Man in the Middle

Each year, some part of the story of Holy Week grabs my attention in a new way. This year, it was the criminals on either side of Jesus’s cross. Matthew and Mark have the two criminals joining everyone else in heaping insults and scorn upon Jesus, adding to the general consensus that this is a very poorly performing Saviour. He saved others. Let him save himself. If you’re the Messiah, let’s see some action! Some “king.” Come down off that wretched cross if you are who you say you are. Read more

On Resonance: A Good Friday Reflection

I was not in the mood for an “I’m spiritual but not religious” conversation this week. I had just buried one of our church’s saints. I had been planning a vigil in honour of a young man who took his own life and processing it with those most affected by this. There was the usual fatigue of Holy Week with its multiple services to prepare. All in all, my appetite was very low for another critique of religion or the church from an earnest and painfully certain twenty-something. Read more

This Shadowed Fog

This afternoon, I received the devastating news that a young man connected to our congregation had taken his own life. I sat stunned, staring at my screen for what felt like an hour. Who can comprehend such things? Who can make sense out of what is ultimately senseless? I thought immediately of all those I know who loved this dear young man, all those who will be shattered by this loss, those whose grief will be immense. Read more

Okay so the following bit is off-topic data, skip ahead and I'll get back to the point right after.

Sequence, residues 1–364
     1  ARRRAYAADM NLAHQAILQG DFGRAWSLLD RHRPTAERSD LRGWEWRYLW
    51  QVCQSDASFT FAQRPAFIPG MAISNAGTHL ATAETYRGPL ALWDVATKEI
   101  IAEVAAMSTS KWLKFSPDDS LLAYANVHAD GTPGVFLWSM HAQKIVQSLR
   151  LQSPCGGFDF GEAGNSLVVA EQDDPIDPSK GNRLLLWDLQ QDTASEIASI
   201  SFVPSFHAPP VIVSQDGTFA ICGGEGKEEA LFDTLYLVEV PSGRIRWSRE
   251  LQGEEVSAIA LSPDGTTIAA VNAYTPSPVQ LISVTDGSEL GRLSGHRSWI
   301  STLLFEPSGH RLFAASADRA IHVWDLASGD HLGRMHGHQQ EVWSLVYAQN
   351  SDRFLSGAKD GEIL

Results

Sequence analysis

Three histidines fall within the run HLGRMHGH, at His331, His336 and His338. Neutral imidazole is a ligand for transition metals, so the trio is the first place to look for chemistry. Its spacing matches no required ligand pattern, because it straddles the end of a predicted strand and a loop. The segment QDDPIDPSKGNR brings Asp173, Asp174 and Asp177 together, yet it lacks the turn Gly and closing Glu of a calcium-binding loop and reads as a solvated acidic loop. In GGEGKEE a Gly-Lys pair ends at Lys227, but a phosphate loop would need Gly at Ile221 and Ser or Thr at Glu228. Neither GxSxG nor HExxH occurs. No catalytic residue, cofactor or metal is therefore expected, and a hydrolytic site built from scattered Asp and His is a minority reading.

It’s the Mercy I Can’t Take

If you’re going to be home sick on Sunday as a pastor, you probably couldn’t pick a worse Sunday than the Fourth Sunday of Lent, Year C. For churches who follow the Revised Common Lectionary, this is the Sunday where the parable of the lost son shows up. And what preacher doesn’t look forward to being able to preach on this most famous and well-loved of Jesus’ stories? This preacher certainly does. The arrival of this passage is the homiletical reward for struggling through all those awkward Old Testament texts and dense Pauline theology and even some of Jesus’ more fiery words throughout the rest of the year And yet this is precisely the predicament this preacher found himself in last Sunday. Home sick instead of preaching about lost sons and a love-sick father. Read more

The Muffin Man

Jason* is poor in pretty much every sense of the word. He has very little money and what he does have he spends poorly. He is poorly educated and generally incurious about the broader world around him. He is poorly connected socially and spends a lot of time alone. He lacks social graces and is often a poor conversation partner. His health is, well, poor. Read more

A Brief Pause Before the Fuller Thought

I sat with someone as they took their last breath yesterday. These are simultaneously strange and sacred spaces, where grief and relief and fear and faith weave in and out and among each other. We live and move in a culture that doesn’t really do death well. We mostly avoid it, keep it at arm’s length, outsource it, deny it. Death, even when it comes at the end of a long and faithful life, intrudes.   Read more

Life After (and Before) Death